Net unrealized gain (loss) on derivative instruments 847 2,836 (2,732)
Other comprehensive income (loss), before tax 2,612 8,309 (3,352)
Tax effect 0 (1,994) 0
Other comprehensive income (loss), net of tax 2,612 6,315 (3,352)
Comprehensive loss $ (215,566) $ (163,338) $ (134,436)
v3.20.4
CONSOLIDATED STATEMENTS OF STOCKHOLDERS' EQUITY - USD ($)
shares in Thousands, $ in Thousands
Total
Common Stock
Additional Paid-In Capital
Accumulated Other Comprehensive Income (Loss)
Accumulated Deficit
Beginning balance (in shares) at Dec. 31, 2017   103,121      
Beginning balance at Dec. 31, 2017 $ 354,183 $ 1,031 $ 753,568 $ (2,372) $ (398,044)
Increase (Decrease) in Stockholders' Equity [Roll Forward]          
Issuance of common stock upon exercise of stock options (in shares)   1,024      
Issuance of common stock upon exercise of stock options 16,150 $ 10 16,140    
Issuance of common stock for settlement of RSUs and PRSUs (in shares)   3,165      
Issuance of common stock for settlement of RSUs (5,213) $ 32 (5,245)    
Issuance of common stock in connection with employee stock purchase plan (in shares)   728      
Issuance of common stock in connection with employee stock purchase plan 19,773 $ 7 19,766    
Share-based compensation 122,160   122,160    
Equity component of 2023 convertible senior notes 44,304   44,304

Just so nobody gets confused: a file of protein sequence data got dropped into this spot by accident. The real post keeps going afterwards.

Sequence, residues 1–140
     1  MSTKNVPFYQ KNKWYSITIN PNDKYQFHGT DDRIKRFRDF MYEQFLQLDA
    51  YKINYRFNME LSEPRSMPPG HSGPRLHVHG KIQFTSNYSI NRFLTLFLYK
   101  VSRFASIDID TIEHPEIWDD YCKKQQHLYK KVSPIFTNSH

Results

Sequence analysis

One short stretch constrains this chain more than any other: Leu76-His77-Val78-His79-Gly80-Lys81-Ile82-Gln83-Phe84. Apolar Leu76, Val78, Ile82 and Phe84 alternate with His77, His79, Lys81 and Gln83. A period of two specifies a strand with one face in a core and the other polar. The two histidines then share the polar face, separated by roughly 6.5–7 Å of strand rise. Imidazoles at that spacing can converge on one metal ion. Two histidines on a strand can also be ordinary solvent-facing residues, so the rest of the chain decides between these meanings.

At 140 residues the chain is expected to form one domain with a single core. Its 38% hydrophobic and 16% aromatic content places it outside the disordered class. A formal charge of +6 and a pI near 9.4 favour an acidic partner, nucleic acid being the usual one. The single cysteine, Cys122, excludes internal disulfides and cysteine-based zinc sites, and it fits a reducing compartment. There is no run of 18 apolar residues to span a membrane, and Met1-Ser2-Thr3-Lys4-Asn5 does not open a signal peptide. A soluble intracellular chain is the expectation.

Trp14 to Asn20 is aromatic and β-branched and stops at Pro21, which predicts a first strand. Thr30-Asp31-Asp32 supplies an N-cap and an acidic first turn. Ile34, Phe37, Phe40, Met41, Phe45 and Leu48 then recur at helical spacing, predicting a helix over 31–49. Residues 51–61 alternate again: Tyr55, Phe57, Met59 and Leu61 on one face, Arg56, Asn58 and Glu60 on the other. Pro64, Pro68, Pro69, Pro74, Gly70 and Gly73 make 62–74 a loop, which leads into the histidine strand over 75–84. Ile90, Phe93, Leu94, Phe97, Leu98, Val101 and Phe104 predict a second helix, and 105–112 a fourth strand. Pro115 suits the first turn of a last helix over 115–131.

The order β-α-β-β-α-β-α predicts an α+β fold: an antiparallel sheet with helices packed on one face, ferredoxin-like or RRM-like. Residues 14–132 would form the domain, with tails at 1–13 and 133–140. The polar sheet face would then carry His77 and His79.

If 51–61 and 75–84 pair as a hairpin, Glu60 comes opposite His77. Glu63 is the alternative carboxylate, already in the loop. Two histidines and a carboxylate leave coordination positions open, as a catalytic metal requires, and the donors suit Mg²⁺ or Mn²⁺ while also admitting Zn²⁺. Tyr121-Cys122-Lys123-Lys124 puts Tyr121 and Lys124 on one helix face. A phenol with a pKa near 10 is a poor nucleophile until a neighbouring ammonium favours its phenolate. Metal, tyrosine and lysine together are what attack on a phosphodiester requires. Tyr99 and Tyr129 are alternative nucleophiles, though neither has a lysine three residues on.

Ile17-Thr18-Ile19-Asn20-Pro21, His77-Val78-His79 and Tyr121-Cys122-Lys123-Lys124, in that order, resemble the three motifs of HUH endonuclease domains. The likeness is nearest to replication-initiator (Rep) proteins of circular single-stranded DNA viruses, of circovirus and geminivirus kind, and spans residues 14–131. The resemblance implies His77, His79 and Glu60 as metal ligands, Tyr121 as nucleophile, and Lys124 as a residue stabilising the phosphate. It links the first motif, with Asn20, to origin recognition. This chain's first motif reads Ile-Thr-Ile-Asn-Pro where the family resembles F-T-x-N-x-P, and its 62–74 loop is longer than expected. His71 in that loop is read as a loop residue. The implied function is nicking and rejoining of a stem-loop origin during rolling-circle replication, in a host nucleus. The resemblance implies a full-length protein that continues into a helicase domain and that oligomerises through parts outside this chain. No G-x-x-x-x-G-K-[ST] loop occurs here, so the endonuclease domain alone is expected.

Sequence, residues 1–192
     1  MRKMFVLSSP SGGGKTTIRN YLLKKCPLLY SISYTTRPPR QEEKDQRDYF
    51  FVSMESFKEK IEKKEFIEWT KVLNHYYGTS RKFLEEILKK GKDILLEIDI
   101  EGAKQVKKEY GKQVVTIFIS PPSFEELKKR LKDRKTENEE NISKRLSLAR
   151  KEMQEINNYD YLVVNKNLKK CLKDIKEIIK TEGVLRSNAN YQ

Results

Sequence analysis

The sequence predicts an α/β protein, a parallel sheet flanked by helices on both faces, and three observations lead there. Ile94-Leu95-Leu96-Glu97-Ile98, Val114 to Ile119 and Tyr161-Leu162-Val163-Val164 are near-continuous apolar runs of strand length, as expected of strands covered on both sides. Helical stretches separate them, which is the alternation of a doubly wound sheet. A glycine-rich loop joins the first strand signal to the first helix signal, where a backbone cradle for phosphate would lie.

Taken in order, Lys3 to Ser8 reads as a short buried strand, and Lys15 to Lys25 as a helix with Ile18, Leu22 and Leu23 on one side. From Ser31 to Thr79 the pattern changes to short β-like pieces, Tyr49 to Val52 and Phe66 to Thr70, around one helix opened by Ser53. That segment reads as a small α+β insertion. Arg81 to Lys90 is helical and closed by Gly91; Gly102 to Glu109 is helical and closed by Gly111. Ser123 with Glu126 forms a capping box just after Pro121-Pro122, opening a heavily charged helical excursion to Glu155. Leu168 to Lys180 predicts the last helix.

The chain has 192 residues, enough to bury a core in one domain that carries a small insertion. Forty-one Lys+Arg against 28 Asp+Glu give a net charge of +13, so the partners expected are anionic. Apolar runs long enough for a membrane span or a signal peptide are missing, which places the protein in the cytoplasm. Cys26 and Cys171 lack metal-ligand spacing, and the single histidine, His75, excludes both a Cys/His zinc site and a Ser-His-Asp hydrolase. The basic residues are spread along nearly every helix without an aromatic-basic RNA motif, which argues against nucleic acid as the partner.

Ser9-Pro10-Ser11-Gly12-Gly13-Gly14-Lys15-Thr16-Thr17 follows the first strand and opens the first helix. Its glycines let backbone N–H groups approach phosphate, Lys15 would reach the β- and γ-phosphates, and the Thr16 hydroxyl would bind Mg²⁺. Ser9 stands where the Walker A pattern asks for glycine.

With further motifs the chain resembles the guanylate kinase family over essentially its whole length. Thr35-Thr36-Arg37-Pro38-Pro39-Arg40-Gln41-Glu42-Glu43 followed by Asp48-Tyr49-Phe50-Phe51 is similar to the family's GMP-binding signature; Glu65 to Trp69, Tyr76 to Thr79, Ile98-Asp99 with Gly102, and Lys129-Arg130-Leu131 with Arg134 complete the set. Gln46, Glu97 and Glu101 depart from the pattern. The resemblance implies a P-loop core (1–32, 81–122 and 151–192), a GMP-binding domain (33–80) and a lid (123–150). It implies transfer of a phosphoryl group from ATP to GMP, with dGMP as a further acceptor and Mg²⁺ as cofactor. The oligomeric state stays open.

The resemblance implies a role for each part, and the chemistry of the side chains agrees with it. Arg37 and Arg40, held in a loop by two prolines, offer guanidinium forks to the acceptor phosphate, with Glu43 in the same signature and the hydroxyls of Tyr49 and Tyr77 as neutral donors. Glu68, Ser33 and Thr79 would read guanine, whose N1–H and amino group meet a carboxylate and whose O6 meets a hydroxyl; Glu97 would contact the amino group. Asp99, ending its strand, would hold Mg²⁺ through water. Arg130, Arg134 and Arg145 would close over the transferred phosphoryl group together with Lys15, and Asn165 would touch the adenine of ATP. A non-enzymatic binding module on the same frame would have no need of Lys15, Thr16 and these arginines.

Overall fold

Other comprehensive income, net of income taxes (3,352)     (3,352)  
Net loss (131,084)       (131,084)
Ending balance (in shares) at Dec. 31, 2018   108,038      
Ending balance at Dec. 31, 2018 416,921 $ 1,080 950,693 (5,724) (529,128)
Increase (Decrease) in Stockholders' Equity [Roll Forward]          
Issuance of common stock upon exercise of stock options (in shares)   1,297      
Issuance of common stock upon exercise of stock options 26,495 $ 13 26,482    
Issuance of common stock for settlement of RSUs and PRSUs (in shares)   3,099      
Issuance of common stock for settlement of RSUs $ (9,574) $ 31 (9,605)    
Issuance of common stock in connection with employee stock purchase plan (in shares) 600 647      
Issuance of common stock in connection with employee stock purchase plan $ 29,491 $ 6 29,485    
Share-based compensation 157,989   157,989    
Other comprehensive income, net of income taxes 6,315     6,315  
Net loss (169,653)       (169,653)